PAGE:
All of a sudden, several of my acquaintances are writing books on really interesting subjects. Dale McGowan is writing one on mixed-religion marriages (like my parents), Bridget Gaudette is writing one on parental disownment, and Ania Bula is writing one on chronic illnesses and how to deal with both our broken health care system and the vast range of non-scientific, homeopathic remedies. Here’s part of her story:
When I was 18, I was diagnosed with Psoriatic Arthritis. The following year, I lost the ability to walk, and was ignored by doctors who looked at my age before my symptoms. I struggled with finding a treatment and getting some mobility back.
When I was 20, I started experiencing some mysterious symptoms, including rapid weight loss, pain, bleeding, and more. I desperately searched for an answer, and eventually, a treatment.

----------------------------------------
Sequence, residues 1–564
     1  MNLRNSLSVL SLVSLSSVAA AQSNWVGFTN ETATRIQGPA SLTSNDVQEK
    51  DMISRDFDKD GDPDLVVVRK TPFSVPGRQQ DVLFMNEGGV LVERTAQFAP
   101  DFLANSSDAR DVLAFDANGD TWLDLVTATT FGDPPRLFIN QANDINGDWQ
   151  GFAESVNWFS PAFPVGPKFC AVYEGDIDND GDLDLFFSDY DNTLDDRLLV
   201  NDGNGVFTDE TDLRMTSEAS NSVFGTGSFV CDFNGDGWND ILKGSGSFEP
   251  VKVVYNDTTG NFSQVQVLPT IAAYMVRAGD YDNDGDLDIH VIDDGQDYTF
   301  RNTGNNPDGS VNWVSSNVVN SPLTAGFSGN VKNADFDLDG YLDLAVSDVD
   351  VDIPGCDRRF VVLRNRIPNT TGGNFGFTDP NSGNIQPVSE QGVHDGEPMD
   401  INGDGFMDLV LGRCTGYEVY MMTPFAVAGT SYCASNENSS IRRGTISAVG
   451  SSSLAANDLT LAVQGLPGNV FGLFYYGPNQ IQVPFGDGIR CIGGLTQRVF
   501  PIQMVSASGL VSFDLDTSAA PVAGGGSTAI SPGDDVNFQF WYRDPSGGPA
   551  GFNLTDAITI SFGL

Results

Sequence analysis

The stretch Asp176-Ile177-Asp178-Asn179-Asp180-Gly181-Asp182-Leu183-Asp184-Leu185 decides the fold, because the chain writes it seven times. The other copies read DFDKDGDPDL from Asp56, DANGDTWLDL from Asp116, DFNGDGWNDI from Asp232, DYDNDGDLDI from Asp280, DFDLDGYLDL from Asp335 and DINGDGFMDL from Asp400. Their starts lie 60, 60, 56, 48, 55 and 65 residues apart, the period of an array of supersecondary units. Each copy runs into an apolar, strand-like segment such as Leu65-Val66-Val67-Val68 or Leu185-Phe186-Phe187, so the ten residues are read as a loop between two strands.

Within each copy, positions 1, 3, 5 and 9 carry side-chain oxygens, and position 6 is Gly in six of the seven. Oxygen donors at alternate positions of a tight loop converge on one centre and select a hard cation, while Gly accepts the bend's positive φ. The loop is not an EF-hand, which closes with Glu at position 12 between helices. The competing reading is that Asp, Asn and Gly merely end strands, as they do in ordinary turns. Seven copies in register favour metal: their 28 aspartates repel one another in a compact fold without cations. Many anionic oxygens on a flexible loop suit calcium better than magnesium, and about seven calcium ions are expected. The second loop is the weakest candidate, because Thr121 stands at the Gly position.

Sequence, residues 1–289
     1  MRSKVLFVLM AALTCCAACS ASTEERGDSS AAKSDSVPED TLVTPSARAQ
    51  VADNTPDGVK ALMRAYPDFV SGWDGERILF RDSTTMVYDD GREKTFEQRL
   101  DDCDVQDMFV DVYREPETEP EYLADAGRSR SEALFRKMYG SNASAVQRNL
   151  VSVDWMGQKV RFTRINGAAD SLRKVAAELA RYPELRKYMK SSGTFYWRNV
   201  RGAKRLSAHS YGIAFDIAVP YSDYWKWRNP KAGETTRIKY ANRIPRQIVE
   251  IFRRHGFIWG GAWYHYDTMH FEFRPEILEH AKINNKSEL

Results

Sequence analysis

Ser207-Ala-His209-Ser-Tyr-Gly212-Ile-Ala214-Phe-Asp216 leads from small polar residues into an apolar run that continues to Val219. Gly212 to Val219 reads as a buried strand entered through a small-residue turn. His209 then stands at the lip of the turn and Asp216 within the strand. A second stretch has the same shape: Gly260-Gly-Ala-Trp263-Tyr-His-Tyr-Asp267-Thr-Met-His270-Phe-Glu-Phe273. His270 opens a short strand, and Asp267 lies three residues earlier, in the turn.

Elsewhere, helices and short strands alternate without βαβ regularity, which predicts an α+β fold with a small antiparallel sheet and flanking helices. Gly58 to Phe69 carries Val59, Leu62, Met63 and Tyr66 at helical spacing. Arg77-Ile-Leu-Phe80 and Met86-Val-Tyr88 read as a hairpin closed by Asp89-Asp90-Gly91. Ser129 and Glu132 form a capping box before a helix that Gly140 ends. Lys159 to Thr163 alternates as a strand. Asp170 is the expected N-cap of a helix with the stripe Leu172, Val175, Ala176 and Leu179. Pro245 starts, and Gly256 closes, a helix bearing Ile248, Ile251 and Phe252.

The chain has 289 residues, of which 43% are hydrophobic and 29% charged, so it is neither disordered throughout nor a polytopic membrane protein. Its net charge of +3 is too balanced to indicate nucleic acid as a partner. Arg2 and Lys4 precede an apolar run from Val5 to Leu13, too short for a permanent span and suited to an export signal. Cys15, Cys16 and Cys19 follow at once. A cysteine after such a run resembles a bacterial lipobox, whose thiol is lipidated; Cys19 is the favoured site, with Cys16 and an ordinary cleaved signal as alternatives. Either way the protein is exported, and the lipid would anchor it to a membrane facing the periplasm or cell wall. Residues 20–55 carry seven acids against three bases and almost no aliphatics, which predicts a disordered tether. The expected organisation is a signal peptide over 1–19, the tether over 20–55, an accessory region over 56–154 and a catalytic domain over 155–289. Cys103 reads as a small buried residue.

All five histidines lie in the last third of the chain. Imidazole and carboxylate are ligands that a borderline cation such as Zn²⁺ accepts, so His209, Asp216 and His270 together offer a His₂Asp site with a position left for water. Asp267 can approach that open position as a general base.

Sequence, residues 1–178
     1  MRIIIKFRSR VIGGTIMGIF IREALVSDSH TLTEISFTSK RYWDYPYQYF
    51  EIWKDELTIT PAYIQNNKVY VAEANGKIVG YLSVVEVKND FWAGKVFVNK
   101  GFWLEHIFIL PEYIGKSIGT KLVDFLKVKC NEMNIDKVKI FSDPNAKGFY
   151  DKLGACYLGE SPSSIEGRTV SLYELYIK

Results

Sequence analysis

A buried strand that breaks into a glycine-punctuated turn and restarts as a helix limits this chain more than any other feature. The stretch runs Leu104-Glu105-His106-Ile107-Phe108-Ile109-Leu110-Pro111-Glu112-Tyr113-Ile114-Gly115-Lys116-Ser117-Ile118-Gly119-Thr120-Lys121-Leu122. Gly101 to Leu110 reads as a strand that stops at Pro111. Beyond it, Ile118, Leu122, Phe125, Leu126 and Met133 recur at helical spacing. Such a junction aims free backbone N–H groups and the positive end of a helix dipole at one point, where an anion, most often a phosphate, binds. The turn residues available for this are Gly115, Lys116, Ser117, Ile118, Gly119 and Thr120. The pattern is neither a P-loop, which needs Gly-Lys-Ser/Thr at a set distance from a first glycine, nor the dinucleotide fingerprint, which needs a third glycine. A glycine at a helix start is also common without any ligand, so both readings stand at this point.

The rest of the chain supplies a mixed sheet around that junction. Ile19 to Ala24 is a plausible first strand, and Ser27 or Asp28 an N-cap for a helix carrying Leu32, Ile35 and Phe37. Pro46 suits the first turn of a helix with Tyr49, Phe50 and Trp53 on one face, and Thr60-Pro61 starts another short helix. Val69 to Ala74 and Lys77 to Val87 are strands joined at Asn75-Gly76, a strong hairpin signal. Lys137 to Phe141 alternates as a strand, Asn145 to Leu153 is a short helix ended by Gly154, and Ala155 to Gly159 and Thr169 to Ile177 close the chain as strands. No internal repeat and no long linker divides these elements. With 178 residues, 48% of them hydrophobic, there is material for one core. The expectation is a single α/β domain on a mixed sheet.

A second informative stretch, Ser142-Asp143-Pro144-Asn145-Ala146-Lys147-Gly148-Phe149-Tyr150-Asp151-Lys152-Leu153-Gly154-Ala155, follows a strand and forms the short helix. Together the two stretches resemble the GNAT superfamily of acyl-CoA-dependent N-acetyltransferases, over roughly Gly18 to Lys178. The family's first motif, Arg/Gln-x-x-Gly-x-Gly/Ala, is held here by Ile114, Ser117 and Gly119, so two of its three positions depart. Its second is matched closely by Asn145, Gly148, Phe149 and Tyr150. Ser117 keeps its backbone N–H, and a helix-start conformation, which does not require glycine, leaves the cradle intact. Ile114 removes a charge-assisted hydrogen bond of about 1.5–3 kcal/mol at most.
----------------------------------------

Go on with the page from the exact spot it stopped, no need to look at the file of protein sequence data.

The journey itself, to diagnosis and treatment was incredible, difficult, and enlightening. Living with the disorders has been eye opening as well. Chronic illness is an invitation for everyone to comment: either with regards to a cause, a treatment, or otherwise. Suddenly, everyone’s aunt is an expert and everyone’s fad diet a cure. You wade through a constant stream of ignorance and lies, in a desperate attempt to find peace and a stop to pain. In my years living with both disorders I have been faith healed, poked, prodded, stuffed with powders and magic potions, and now is my opportunity to tell everyone about it.
The book is titled Young, Sick and Invisible: A Skeptic’s Journey With Chronic Illness. You can read more about it here, including the opportunity to donate to help make the project a reality or just a chance to share it with others.